Yes, coconut flour is a gluten free flour.
An increasing number of my clients have been cutting gluten out of their diet for one reason or another. When they ask me is coconut flour gluten free, I answer in the affirmative. However, as you will discover below, it can be tricky to use coconut flour as your only gluten-free option.
To discover why coconut flour is gluten free, to learn more about its properties, and how to use it in your food, keep reading below…
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If you are wondering if every brand of coconut flour is gluten free, then the answer is yes. Of course, this is only as long as there are no non-GF flours mixed in.
Understand, gluten is a group of proteins that is found in wheat, barley, rye, and triticale. These compounds act as a glue that holds these foods together. You can find gluten in any products that contain the above ingredients.
As you can see, coconut flour isn't a part of this list. This is because the flour is made from coconut meat pulp that has been dried and ground. Due to this, it is still classified as a derivative as a drupe and has no gluten in sight!
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OK, coconut flour is great if you are trying to stay away from gluten, but does it have any other inflammatory tendencies?
No, in fact, it appears that coconut flour could help to fight certain types of inflammation within the body. Understand, the flour has what is known as soluble fibers which encourage the growth of good bacteria in your body.
These bacteria are responsible for producing short chain fatty acids that boost the health of your gut cells. These can also be incredibly useful in reducing inflammation that causes digestive issues. Therefore, it is a great ingredient to add to your diet if you are trying to ward off inflammation.
Needless to say that if you are allergic to coconut in general or if it simply doesn’t agree with you, then coconut flour may not be the best fit for you.
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Then, what about digestibility? Can your body easily digest coconut flour? Well, this may not be the case for all people.
Coconut flour is high in fiber and low in fat. While some fiber is good, there is such a thing as too much. And, the kick that you get from coconut flour can be too great for some people to tolerate. At the same time, others don’t have any issue with the flour at all!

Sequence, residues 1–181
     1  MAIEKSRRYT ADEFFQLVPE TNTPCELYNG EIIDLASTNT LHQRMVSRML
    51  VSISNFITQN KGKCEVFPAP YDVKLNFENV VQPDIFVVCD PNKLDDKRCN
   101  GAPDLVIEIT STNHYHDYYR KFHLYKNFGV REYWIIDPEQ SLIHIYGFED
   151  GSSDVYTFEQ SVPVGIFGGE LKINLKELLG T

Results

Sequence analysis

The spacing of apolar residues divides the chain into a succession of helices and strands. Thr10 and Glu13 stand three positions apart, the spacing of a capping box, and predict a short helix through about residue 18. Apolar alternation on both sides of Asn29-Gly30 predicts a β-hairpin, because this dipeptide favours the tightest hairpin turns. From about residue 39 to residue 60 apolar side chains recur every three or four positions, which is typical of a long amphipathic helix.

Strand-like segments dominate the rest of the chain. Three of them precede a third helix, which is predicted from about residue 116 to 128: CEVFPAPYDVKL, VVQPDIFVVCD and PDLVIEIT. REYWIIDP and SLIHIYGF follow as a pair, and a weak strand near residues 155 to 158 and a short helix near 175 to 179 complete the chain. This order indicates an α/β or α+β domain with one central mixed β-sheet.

Due to this, it is a good idea to test out how you react to coconut flour. If you notice a stomach ache or bloating after eating foods with coconut flour, it is best to steer clear of it. Or, try to incorporate smaller quantities at a time. Your body will then have an easier time digesting it.
This is a bit of a tricky question to answer. On the one hand, coconut flour is quite adaptable. As such, it can be used in anything from bread to cookies and produce delicious results. However, it can be a bit challenging to use in recipes.
As coconut flour is so high in fiber, it is incredibly absorbent. This means that it tends to have a drying effect on any recipe that you add it to. Fortunately, this issue is easy enough to overcome. You will have to increase the volume of liquids that the recipe calls for quite a bit.
Furthermore, you can’t use coconut flour alone when baking. Instead, it has to be incorporated with other flours. Naturally, since you wish for a gluten free recipe, you will need to use other gluten free options such as almond flour.
You should also be aware that coconut flour has a grittier texture than flours like all purpose. Due to this, you can expect some of this texture to end up coming through in the baked goods. At the same time, the resulting dough will be quite a bit thicker too.
That is not to say that it is impossible to learn how to bake with coconut flour. It can take a bit of getting used to and may involve some trial and error. However, if you follow proper guidelines, then you will be able to produce perfectly baked goods.
Yes, you can substitute coconut flour for all purpose flour, but there are a few things that you will need to do in the process.
You can’t substitute coconut flour in a one-to-one ratio. For every one cup of all-purpose flour, use ¼ cup of coconut flour. The rest can be made up with another gluten free flour.
With liquids, you will need to double the amount that is described in the recipe. As for eggs, you should add one additional egg for every ¼ cup of coconut flour that you add.
Rather than substituting coconut flour for all purpose flour, it is best to simply look up recipes that naturally incorporate coconut flour. These will contain the perfect ratios for eggs, liquids, etc. You will also have a better grasp on what other flours to use and which baking times are optimal.
Relying on coconut flour recipes will take guesswork out of the equation. In turn, you will be less likely to make a mistake and your recipe will turn out the way that it is meant to.
Yes coconut flour is gluten free, but as you can see, there is a lot more that you need to understand about this flour. This includes how it functions in recipes and how you may need to alter ingredients to make the coconut flour work. All of this information will allow you to use coconut flour more effectively.
Did you enjoy this post? Then you should head over to our Pinterest page. We have tons of coconut flour recipes, along with guides on how to use this flour to your benefit.